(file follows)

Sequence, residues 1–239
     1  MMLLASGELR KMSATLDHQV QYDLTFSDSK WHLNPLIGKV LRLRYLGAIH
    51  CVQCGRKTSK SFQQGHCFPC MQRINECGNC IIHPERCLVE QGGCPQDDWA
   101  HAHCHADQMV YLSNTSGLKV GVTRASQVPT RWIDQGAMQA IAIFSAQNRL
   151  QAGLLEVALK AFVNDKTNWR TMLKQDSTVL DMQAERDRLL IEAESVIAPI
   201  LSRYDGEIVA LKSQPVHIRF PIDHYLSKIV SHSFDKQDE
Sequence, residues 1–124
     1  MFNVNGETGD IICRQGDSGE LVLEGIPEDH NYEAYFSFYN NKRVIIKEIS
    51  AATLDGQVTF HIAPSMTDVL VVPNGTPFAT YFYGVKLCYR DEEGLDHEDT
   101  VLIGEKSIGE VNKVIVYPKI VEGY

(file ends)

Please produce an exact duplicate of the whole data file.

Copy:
Sequence, residues 1–239
     1  MMLLASGELR KMSATLDHQV QYDLTFSDSK WHLNPLIGKV LRLRYLGAIH
    51  CVQCGRKTSK SFQQGHCFPC MQRINECGNC IIHPERCLVE QGGCPQDDWA
   101  HAHCHADQMV YLSNTSGLKV GVTRASQVPT RWIDQGAMQA IAIFSAQNRL
   151  QAGLLEVALK AFVNDKTNWR TMLKQDSTVL DMQAERDRLL IEAESVIAPI
   201  LSRYDGEIVA LKSQPVHIRF PIDHYLSKIV SHSFDKQDE
Sequence, residues 1–124
     1  MFNVNGETGD IICRQGDSGE LVLEGIPEDH NYEAYFSFYN NKRVIIKEIS
    51  AATLDGQVTF HIAPSMTDVL VVPNGTPFAT YFYGVKLCYR DEEGLDHEDT
   101  VLIGEKSIGE VNKVIVYPKI VEGY